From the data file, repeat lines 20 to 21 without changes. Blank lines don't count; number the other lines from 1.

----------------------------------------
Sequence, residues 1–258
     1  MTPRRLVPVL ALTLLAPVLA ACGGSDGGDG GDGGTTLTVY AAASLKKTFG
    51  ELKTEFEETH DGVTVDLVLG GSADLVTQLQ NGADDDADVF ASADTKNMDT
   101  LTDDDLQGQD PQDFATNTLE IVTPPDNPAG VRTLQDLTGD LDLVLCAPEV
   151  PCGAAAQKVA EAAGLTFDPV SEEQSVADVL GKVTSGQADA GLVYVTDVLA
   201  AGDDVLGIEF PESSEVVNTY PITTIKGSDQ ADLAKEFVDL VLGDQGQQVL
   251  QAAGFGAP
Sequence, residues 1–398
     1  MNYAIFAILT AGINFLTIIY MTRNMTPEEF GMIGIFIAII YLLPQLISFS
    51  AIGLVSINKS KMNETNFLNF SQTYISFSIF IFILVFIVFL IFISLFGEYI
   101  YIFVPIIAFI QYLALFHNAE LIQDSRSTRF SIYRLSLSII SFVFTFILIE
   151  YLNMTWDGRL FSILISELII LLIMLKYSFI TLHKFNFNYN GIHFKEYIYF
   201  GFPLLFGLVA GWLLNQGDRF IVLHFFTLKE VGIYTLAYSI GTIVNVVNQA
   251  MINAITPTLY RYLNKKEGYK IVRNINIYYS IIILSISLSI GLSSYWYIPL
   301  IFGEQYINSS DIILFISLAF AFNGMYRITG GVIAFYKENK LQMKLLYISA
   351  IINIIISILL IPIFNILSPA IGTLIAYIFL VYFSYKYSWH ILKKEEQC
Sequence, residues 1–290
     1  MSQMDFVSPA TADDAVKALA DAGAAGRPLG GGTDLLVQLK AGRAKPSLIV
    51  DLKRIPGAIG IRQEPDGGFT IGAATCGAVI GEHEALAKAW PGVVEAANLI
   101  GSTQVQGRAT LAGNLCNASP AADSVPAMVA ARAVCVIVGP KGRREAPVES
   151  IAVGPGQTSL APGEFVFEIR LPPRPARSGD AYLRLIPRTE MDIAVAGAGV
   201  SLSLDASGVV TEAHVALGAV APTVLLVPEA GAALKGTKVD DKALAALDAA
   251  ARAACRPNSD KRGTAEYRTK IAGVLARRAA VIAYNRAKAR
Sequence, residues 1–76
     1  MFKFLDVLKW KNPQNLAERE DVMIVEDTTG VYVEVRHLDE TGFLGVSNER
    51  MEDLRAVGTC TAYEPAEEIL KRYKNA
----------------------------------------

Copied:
   101  GSTQVQGRAT LAGNLCNASP AADSVPAMVA ARAVCVIVGP KGRREAPVES
   151  IAVGPGQTSL APGEFVFEIR LPPRPARSGD AYLRLIPRTE MDIAVAGAGV